I use several different W&R minerals, throughout the year.
I'm assuming that your question is serious, so I will do my best to answer it correctly.

A friend of mine in the cattle business recommended this product to me. I called the company to get more info and the owner told me, I will come to see you and we will discuss your needs. Little old me was impressed with that considering he services commercial herds nationwide far bigger than my operation? He not only stopped by once but made a follow-up visit. On the first visit, I was skeptical, as you are, so I asked him "Why your mineral?" "What's so special, that would get me to switch from Concept Aid Mag/S and Heat?"

Here is what he told me, and Ron may disprove my statements, but he said that not every ingredient in minerals is created equally, for example copper mined in one part of the country has more effect than copper mined elsewhere, specifically when it comes to bioavailability. Again, Ron may skewer me on this. He said that lower price minerals tend to use lower-priced/lower quality inputs. While he is not a PhD. in chemistry or biology, he has them working for him. In fact, if I'm not mistaken he was at Vitaferm before leaving to build his own company. He basically said in a nutshell, that the ingredients that can lessen or eliminate the effects of fescue poisoning were chosen for the highest quality and bioavailability possible. Each ingredient was sourced from higher quality suppliers.

Who am I to argue, I'm no scientist, but I do sniff bullsh.t fairly well, and I appreciate people who can look me directly in the eye when I speak to them. He had total conviction in his product and went over every last detail on the label versus Vitaferm. To date, no one from Vitaferm has made any effort to do the same, and when I left a message for a regional rep to speak with me, no return call. I have a very short fuse for that stuff.

You have probably heard me also speak of the large commercial operator in my county that has around 800+ head. He has run that business for nearly 40 years or more with a lot of success, he knows cattle plain and simple. Was my high school teacher, and college educated to boot. He looked me straight in the eye, and said, "this is the best mineral you can put out for THIS AREA we are in, and I've been using it for 20 years" He would know, his cattle graze fescue, and it's in the hay he feeds out.

There you have it, might not explain it in full detail, but I use it, my cattle have no issues with fescue, and I feel if it works stick to it.

I will get you the owner's cell number if you want to discuss things further with him, he knows far more than I do. He's been running his company for 30 years, most people never hold anything together that long, so his product does have merit.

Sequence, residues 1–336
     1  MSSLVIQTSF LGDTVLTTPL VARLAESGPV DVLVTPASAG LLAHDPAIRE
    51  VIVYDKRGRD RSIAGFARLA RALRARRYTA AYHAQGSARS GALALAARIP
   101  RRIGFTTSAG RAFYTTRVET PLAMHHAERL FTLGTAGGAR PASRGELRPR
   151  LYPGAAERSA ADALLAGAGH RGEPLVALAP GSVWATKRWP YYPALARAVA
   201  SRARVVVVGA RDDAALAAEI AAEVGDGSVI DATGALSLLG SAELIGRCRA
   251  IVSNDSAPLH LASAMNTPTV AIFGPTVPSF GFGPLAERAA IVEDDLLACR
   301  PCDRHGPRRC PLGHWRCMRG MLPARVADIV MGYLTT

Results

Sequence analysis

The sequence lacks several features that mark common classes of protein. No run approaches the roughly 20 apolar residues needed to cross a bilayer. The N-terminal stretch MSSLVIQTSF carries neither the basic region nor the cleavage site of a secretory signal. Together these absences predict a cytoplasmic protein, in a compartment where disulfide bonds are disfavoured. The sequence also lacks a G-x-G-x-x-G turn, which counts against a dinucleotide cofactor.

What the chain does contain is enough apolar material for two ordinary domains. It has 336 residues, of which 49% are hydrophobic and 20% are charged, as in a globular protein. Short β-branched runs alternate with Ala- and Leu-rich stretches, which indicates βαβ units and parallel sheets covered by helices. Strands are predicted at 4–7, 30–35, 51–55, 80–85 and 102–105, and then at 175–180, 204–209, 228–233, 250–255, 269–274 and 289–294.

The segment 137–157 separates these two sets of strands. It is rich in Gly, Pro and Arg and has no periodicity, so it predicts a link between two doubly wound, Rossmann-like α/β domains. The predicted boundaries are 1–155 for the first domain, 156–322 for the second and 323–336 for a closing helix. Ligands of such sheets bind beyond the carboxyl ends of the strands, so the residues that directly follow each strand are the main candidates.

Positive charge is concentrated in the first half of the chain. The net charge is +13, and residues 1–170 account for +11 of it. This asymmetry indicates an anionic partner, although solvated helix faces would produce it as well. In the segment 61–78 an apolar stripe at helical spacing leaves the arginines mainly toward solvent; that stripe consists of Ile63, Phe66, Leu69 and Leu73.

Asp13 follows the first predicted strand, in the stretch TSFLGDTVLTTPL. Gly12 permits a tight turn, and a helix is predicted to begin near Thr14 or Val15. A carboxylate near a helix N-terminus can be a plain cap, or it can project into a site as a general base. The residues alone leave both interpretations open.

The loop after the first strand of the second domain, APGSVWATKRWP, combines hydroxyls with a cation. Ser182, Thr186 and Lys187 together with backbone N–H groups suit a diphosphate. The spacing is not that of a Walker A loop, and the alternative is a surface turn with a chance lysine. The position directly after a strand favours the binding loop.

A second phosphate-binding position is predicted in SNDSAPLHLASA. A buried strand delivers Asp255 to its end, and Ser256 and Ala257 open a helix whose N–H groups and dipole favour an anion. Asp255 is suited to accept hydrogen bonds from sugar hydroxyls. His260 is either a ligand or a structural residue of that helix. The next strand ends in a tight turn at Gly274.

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Re: Feeding cows on fescue grass

Post by Bright Raven » Sun May 26, 2019 5:17 pm

Brookhill Angus wrote:
Sun May 26, 2019 5:02 pm

Here is what he told me, and Ron may disprove my statements, but he said that not every ingredient in minerals is created equally, for example copper mined in one part of the country has more effect than copper mined elsewhere, specifically when it comes to bioavailability. Again, Ron may skewer me on this. He said that lower price minerals tend to use lower-priced/lower quality inputs. While he is not a PhD. in chemistry or biology, he has them working for him. In fact, if I'm not mistaken he was at Vitaferm before leaving to build his own company. He basically said in a nutshell, that the ingredients that can lessen or eliminate the effects of fescue poisoning were chosen for the highest quality and bioavailability possible. Each ingredient was sourced from higher quality suppliers.

Who am I to argue, I'm no scientist, but I do sniff bullsh.t fairly well, and I appreciate people who can look me directly in the eye when I speak to them. He had total conviction in his product and went over every last detail on the label versus Vitaferm. To date, no one from Vitaferm has made any effort to do the same, and when I left a message for a regional rep to speak with me, no return call. I have a very short fuse for that stuff.

You have probably heard me also speak of the large commercial operator in my county that has around 800+ head. He has run that business for nearly 40 years or more with a lot of success, he knows cattle plain and simple. Was my high school teacher, and college educated to boot. He looked me straight in the eye, and said, "this is the best mineral you can put out for THIS AREA we are in, and I've been using it for 20 years" He would know, his cattle graze fescue, and it's in the hay he feeds out.

There you have it, might not explain it in full detail, but I use it, my cattle have no issues with fescue, and I feel if it works stick to it.

I will get you the owner's cell number if you want to discuss things further with him, he knows far more than I do. He's been running his company for 30 years, most people never hold anything together that long, so his product does have merit.